Backfists

This is Bruce Lee's most common move and a favourite of martial artists everywhere. Unlike the straight punch which, in a combat situation, runs the risk of damaging knuckles or breaking the fingers if there is improper form or things go a little wrong at the impact point, a backfist always makes contact with the foremost part of the knuckle safeguarding the integrity of the hand and protecting the relatively fragile fingers. The trick is to throw a backfist with a whiplash motion. Remember the old school dressing room towel fight? Towels would be flung out and pulled back allowing the power of the motion to travel along their tip which is what gives off that painful sting when it hits you. The idea is the same with a backfist. Instead of a towel you are using your arm. Bruce Lee favoured keeping the wrist relaxed while the fist was closed giving an added whiplash to the punch and further increasing its power through the flick of the wrist. Notice that there is body movement here as well. Basically, like with any strong punch, the whole body is used to power it. Whip your arm back as soon as you're done punching.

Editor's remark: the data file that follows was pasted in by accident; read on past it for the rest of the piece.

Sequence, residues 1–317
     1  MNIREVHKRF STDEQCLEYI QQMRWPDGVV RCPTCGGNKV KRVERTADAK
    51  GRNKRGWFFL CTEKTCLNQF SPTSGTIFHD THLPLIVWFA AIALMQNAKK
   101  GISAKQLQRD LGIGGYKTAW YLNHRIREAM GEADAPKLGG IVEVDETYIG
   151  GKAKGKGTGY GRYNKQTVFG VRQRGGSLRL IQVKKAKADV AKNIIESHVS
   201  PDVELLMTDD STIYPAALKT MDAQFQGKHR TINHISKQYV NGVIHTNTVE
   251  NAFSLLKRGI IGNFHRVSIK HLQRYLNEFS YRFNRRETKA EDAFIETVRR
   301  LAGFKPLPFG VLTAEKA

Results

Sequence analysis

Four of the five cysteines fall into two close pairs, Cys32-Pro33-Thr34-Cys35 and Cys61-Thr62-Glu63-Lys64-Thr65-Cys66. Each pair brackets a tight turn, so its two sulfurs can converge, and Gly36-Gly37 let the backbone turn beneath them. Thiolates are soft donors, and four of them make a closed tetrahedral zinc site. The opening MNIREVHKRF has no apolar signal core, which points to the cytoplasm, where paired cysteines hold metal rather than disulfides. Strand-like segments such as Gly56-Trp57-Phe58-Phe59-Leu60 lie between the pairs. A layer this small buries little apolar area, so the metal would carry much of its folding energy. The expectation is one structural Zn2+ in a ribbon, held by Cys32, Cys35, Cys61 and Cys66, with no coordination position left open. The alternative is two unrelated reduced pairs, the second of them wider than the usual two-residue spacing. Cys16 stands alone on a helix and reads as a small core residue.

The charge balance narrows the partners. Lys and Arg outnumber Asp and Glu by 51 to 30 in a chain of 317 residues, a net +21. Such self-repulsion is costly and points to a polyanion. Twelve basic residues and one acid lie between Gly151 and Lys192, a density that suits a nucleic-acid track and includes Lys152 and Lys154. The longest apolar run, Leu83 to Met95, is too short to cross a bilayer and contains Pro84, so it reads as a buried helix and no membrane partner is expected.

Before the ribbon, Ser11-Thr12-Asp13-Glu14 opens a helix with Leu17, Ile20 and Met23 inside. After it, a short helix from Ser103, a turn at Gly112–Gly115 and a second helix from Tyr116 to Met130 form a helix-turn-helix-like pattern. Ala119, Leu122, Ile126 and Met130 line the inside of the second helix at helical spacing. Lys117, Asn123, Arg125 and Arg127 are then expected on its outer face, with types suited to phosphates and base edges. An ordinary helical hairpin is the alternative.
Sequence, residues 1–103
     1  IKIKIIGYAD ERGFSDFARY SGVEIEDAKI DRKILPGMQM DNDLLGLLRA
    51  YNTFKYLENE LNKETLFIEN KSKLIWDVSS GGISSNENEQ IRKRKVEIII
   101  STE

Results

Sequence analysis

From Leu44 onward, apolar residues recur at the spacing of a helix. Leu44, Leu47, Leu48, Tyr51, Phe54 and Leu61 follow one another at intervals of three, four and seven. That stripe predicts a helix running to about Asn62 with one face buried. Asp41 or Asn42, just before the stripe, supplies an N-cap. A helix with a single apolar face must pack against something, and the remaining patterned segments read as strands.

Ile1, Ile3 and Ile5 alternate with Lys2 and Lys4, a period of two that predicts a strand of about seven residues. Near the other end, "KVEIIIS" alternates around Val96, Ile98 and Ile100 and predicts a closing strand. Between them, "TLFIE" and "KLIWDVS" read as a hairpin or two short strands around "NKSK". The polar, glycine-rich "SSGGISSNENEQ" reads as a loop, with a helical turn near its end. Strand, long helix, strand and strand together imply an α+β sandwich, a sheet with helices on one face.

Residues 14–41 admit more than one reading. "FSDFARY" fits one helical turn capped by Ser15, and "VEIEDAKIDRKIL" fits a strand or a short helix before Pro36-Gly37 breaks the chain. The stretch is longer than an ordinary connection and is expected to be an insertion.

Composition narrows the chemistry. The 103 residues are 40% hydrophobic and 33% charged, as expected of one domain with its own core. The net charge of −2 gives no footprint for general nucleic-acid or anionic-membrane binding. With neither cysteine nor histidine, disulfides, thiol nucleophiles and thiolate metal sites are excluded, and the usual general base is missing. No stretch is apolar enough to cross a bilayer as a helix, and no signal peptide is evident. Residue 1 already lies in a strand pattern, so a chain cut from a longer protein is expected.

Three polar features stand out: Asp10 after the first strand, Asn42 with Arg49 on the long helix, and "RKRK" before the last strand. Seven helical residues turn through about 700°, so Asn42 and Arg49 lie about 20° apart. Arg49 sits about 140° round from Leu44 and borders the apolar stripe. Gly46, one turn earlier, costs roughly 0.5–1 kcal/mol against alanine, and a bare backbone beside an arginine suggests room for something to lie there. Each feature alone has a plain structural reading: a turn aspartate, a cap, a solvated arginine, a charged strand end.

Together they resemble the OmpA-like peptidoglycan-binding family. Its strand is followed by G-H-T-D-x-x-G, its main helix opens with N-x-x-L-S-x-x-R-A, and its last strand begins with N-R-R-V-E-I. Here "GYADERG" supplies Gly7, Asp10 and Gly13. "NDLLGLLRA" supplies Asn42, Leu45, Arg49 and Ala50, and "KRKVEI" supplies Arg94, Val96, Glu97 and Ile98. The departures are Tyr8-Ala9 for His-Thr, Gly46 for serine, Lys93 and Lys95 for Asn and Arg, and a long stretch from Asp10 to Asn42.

What's involved: Triceps, hips, shoulders. 

Powered by: Arm (tricep), hip flexors (both side and front), deltoids (the muscle on top of your shoulder).

Tip: Be relaxed. This is a whiplash-like movement. The greater the whiplash effect the greater the power, but it does actually require your body to be relaxed.